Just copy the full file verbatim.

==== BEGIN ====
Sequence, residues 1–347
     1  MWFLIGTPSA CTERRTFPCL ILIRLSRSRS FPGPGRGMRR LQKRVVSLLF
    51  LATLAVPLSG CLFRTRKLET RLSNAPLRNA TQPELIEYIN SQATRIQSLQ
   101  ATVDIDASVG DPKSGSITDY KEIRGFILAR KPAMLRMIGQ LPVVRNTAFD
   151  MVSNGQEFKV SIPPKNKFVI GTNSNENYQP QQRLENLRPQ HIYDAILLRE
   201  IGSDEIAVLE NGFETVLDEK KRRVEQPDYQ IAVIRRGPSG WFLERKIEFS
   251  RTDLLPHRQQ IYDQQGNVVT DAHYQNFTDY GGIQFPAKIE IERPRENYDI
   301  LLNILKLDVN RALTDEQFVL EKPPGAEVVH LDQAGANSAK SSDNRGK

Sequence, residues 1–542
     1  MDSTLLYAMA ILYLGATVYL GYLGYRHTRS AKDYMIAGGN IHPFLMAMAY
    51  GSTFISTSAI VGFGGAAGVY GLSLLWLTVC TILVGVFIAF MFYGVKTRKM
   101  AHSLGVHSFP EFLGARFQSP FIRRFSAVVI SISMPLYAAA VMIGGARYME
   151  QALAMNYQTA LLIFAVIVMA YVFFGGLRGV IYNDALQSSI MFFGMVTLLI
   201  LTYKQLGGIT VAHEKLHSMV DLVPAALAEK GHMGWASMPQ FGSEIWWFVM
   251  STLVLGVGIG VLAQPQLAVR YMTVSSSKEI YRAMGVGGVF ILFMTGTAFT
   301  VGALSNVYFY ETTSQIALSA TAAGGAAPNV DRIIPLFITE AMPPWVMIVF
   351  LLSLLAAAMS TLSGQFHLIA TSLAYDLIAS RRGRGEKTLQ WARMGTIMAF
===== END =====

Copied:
Sequence, residues 1–347
     1  MWFLIGTPSA CTERRTFPCL ILIRLSRSRS FPGPGRGMRR LQKRVVSLLF
    51  LATLAVPLSG CLFRTRKLET RLSNAPLRNA TQPELIEYIN SQATRIQSLQ
   101  ATVDIDASVG DPKSGSITDY KEIRGFILAR KPAMLRMIGQ LPVVRNTAFD
   151  MVSNGQEFKV SIPPKNKFVI GTNSNENYQP QQRLENLRPQ HIYDAILLRE
   201  IGSDEIAVLE NGFETVLDEK KRRVEQPDYQ IAVIRRGPSG WFLERKIEFS
   251  RTDLLPHRQQ IYDQQGNVVT DAHYQNFTDY GGIQFPAKIE IERPRENYDI
   301  LLNILKLDVN RALTDEQFVL EKPPGAEVVH LDQAGANSAK SSDNRGK

Sequence, residues 1–542
     1  MDSTLLYAMA ILYLGATVYL GYLGYRHTRS AKDYMIAGGN IHPFLMAMAY
    51  GSTFISTSAI VGFGGAAGVY GLSLLWLTVC TILVGVFIAF MFYGVKTRKM
   101  AHSLGVHSFP EFLGARFQSP FIRRFSAVVI SISMPLYAAA VMIGGARYME
   151  QALAMNYQTA LLIFAVIVMA YVFFGGLRGV IYNDALQSSI MFFGMVTLLI
   201  LTYKQLGGIT VAHEKLHSMV DLVPAALAEK GHMGWASMPQ FGSEIWWFVM
   251  STLVLGVGIG VLAQPQLAVR YMTVSSSKEI YRAMGVGGVF ILFMTGTAFT
   301  VGALSNVYFY ETTSQIALSA TAAGGAAPNV DRIIPLFITE AMPPWVMIVF
   351  LLSLLAAAMS TLSGQFHLIA TSLAYDLIAS RRGRGEKTLQ WARMGTIMAF